Noah Smith Picks Up the Theme

He writes,

In macro, most of the equations that went into the model seemed to just be assumed. In physics, each equation could be – and presumably had been – tested and verified as holding more-or-less true in the real world. In macro, no one knew if real-world budget constraints really were the things we wrote down. Or the production function. No one knew if this “utility” we assumed people maximized corresponded to what people really maximize in real life. We just assumed a bunch of equations and wrote them down. Then we threw them all together, got some kind of answer or result, and compared the result to some subset of real-world stuff that we had decided we were going to “explain”. Often, that comparison was desultory or token, as in the case of “moment matching”.

In other words, the math was no longer real. It was all made up. You could no longer trust the textbook. When the textbook told you that “Households maximize the expected value of their discounted lifetime utility of consumption”, that was not a Newton’s Law that had been proven approximately true with centuries of physics experiments. It was not even a game theory solution concept that had been proven approximately sometimes true with decades of economics experiments. Instead, it was just some random thing that someone made up and wrote down because A) it was tractable to work with, and B) it sounded plausible enough so that most other economists who looked at it tended not to make too much of a fuss.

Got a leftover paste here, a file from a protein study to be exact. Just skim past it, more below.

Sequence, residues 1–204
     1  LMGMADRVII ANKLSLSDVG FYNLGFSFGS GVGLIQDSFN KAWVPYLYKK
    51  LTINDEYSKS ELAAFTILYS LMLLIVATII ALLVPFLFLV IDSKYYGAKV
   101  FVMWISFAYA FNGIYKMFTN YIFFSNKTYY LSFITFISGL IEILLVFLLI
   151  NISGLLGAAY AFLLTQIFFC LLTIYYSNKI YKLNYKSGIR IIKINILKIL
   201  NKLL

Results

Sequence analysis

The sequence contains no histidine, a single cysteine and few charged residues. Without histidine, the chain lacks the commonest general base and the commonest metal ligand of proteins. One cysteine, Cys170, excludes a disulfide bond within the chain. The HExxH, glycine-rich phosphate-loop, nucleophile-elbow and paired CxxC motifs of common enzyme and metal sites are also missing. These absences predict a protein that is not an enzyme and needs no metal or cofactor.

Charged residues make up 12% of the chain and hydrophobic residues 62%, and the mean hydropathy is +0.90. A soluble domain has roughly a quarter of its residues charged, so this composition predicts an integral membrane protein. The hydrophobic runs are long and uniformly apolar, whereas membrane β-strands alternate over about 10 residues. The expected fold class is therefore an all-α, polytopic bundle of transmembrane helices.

I think that this is a well-expressed criticism, which Paul Krugman sidesteps in his response. I understand Krugman’s point to be that it is possible when expressing ideas verbally to say something that would be incoherent or self-contradictory if you were to try to express it in mathematical terms.

However, let us reflect on Smith’s point. Macroeconomic equations are not proven and tested. They are instead tentative and speculative. And macroeconomists have not been able to avoid allowing math to disguise this tentative, speculative quality of theory. Indeed, in the very same post in which Krugman defends math, he writes,

The basics of what happens at the zero lower bound aren’t complicated, but people who haven’t worked through small mathematical models — of both the IS-LM and New Keynesian type — generally get all tied up in verbal and conceptual knots.

In fact, it is pretty to easy to understand the liquidity-trap argument without mathematical models. However, the idea embedded in IS-LM models that there is only one interest rate is controversial (in fact, it is downright false). The idea that the Federal Reserve runs out of things to buy when the Fed Funds rate is zero is controversial. The idea that an interest rate that is “close to zero” is the same as an interest rate that is zero is controversial. Yet Krugman appears to be so persuaded by his math that he cannot seem to come to terms with anyone who disagrees with his view that the liquidity trap is an important characterization of the current U.S. economy.